This time it’s personal …

Everywhere we look there’s evidence to show the financial services market undergoing a revolution.

Advances in fintech, growing dissatisfaction with traditional financial institutions and the rise of the ubiquitous smart phone have laid the groundwork for a deluge of new brands.

Tandem, Atom, Mondo, Secco, Fidor and Lintel are not the names of some of the lesser known Lord of the Rings characters but some of the new banks that are going to be vying for your attention in the coming year. The money transfer space is another sector about to face a big push from new brands such as World Remit and Revolut with more to come.

With this eagerness to engage new audiences, how will they avoid the pitfalls of financial marketing of the past? How do we stop the black horses and pinstripe brigade but also avoid being too folksy or looking like a Boden catalogue? I want some sobriety from my bank but I also want to learn how they can really improve my life. 

People will be reluctant to change banks but can be eager to embrace new technologies in this space. You can see how consumers adapt to new financial tech when it’s simple and makes their life easier. I still find contactless payment a joy and its integration into the London public transport ecosystem is incredible. Every time I tap my card jumping on a bus or tube, it’s genuinely making my life easier – and public transport more accessible. In a similar way, Apple Pay is growing in popularity too. When improvements just work, they’re great. With this in mind, there’s a great opportunity for the new money transfer services here to cash in on. However, the new challenger banks are going to struggle.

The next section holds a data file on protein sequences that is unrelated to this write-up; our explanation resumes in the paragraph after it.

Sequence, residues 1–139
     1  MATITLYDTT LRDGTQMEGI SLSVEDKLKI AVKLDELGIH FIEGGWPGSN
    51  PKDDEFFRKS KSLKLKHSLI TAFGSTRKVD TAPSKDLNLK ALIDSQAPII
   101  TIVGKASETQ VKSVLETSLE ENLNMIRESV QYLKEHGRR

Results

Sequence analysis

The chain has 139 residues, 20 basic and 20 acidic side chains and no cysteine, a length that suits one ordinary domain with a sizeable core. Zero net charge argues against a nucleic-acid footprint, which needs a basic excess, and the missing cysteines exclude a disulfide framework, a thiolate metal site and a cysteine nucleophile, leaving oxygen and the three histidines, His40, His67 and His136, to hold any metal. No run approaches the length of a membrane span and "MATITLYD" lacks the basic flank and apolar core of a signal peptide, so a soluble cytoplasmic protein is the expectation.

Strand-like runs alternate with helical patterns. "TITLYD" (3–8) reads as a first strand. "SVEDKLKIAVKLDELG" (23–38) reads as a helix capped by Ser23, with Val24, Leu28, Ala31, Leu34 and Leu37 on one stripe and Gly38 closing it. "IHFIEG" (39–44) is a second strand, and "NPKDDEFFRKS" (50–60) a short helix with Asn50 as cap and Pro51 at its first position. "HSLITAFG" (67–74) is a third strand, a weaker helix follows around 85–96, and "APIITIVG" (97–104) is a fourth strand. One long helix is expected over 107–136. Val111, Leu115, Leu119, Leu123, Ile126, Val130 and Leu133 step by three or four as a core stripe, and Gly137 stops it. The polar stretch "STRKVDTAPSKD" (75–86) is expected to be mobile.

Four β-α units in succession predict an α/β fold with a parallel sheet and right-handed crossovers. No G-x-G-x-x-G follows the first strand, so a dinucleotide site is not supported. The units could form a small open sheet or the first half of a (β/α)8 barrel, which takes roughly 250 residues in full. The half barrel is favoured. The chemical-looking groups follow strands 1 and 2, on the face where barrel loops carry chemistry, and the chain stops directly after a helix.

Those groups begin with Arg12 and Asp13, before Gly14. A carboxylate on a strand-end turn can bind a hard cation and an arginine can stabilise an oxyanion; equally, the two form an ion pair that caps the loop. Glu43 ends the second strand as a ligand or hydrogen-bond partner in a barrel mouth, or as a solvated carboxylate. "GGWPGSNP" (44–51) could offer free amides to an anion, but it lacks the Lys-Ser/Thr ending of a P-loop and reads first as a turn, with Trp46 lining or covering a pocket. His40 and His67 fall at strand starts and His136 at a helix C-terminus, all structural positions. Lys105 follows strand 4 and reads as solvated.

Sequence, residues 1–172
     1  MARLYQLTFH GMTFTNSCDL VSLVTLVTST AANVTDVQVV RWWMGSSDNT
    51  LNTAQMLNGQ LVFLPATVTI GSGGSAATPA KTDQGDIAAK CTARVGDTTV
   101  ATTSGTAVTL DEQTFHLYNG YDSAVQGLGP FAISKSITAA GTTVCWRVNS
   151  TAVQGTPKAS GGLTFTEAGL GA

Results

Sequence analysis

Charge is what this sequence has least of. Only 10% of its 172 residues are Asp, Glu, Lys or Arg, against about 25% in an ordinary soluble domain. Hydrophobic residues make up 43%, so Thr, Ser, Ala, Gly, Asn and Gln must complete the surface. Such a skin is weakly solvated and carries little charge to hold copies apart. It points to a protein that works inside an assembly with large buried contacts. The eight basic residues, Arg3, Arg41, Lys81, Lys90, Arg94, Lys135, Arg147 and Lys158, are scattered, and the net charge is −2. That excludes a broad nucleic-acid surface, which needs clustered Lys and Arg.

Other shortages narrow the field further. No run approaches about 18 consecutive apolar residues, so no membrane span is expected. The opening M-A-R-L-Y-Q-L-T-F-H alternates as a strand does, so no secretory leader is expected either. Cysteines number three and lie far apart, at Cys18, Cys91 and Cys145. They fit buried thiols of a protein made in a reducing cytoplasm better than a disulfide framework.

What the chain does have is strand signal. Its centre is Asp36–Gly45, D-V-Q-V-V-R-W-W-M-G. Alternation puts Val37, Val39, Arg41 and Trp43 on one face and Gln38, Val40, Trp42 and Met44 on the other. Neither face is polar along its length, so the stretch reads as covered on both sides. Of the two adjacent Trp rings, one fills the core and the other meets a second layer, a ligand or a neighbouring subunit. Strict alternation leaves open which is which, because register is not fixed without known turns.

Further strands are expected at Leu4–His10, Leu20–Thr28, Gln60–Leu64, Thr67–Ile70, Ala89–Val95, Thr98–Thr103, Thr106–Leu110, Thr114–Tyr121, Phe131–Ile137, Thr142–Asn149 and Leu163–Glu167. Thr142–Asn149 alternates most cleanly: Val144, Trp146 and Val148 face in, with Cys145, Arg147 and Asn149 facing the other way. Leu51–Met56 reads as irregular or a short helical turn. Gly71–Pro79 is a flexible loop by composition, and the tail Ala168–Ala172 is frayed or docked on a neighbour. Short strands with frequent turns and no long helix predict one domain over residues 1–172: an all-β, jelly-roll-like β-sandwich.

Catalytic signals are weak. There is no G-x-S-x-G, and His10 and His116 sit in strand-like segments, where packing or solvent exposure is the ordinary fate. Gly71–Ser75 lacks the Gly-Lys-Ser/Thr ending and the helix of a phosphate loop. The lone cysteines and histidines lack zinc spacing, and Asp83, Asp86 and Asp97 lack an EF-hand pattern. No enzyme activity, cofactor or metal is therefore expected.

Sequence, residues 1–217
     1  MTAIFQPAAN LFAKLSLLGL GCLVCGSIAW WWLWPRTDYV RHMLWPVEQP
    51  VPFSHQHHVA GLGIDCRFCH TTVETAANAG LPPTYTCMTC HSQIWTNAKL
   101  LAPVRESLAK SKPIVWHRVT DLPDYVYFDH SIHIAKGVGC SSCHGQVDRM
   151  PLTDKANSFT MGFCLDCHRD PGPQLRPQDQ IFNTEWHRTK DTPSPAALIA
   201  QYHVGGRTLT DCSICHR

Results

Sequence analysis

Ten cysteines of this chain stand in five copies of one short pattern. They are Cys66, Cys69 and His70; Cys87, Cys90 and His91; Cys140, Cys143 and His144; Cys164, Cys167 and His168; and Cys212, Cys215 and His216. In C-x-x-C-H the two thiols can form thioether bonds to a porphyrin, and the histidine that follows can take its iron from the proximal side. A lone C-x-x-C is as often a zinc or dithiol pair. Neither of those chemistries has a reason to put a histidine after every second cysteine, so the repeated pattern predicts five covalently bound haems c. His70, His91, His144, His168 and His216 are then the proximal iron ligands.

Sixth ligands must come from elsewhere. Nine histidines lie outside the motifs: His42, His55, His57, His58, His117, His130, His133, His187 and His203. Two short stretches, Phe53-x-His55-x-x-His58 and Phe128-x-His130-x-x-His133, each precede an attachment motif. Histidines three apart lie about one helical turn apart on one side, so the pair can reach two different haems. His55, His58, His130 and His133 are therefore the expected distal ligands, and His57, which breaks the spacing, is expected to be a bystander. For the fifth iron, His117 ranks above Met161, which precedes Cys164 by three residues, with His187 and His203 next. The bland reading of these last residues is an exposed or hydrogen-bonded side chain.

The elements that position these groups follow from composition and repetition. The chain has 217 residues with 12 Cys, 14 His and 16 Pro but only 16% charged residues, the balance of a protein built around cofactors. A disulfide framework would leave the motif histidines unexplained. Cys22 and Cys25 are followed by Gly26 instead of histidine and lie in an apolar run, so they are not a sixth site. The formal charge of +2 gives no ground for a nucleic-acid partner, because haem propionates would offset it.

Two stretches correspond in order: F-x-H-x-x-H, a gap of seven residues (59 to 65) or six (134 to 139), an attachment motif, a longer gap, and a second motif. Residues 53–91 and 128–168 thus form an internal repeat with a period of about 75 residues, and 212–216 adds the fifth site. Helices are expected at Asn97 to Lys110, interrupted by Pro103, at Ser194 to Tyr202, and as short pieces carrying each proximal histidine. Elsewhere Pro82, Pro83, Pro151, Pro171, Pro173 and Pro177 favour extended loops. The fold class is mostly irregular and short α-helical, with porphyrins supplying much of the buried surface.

How often do you see your mates on Twitter talking about their brand new bank account? Or asking for the best rates on a loan over a Facebook status? Talk of changing bank accounts is just a massive turn off. Instead, the challenge for new banks lies in the fight to shape the wider conversation around making life easier and better.  We only have to look to energy suppliers to see how difficult it is to excite people around utilities and finance. The lack of differentiation from the newcomers has meant that the big suppliers still supply more than 90 per cent of households. There has been a small increase in the number of people changing supplier in the last year but still nothing like the millions expected to make the leap.

These new financial institutions, and the rapidly evolving incumbents, need an audience-first understanding of the marketplace and to adjust their marketing plans accordingly. Learning from how the energy companies have failed to engage their potential audience would be a good place to start. As well as this, they should also look towards how brands like Uber and Apple are changing how we engage with new models and allow us to spend our money in a seamless manner, making us eager to split with our cold hard cash.

Be aware also that the incumbent banks are doing a much better job and they already have our business (and are regaining our trust). Just visit your local bank branch and it’s evident. For instance, my local Barclays couldn’t be more helpful to save me money when I visited them recently. In fact, one staff member noted how they’d been modeled on Apple stores. They quickly cancelled some old bank services I’d signed up for, saving me time and money. Of course, I shouldn’t have been mis-sold in the first place, but they are learning and changing.

With the financial services market in a state of flux, now is the time to create some form of disruption. Not for their own benefit, but for their audience’s. That will create a true point of difference and help them own the conversation.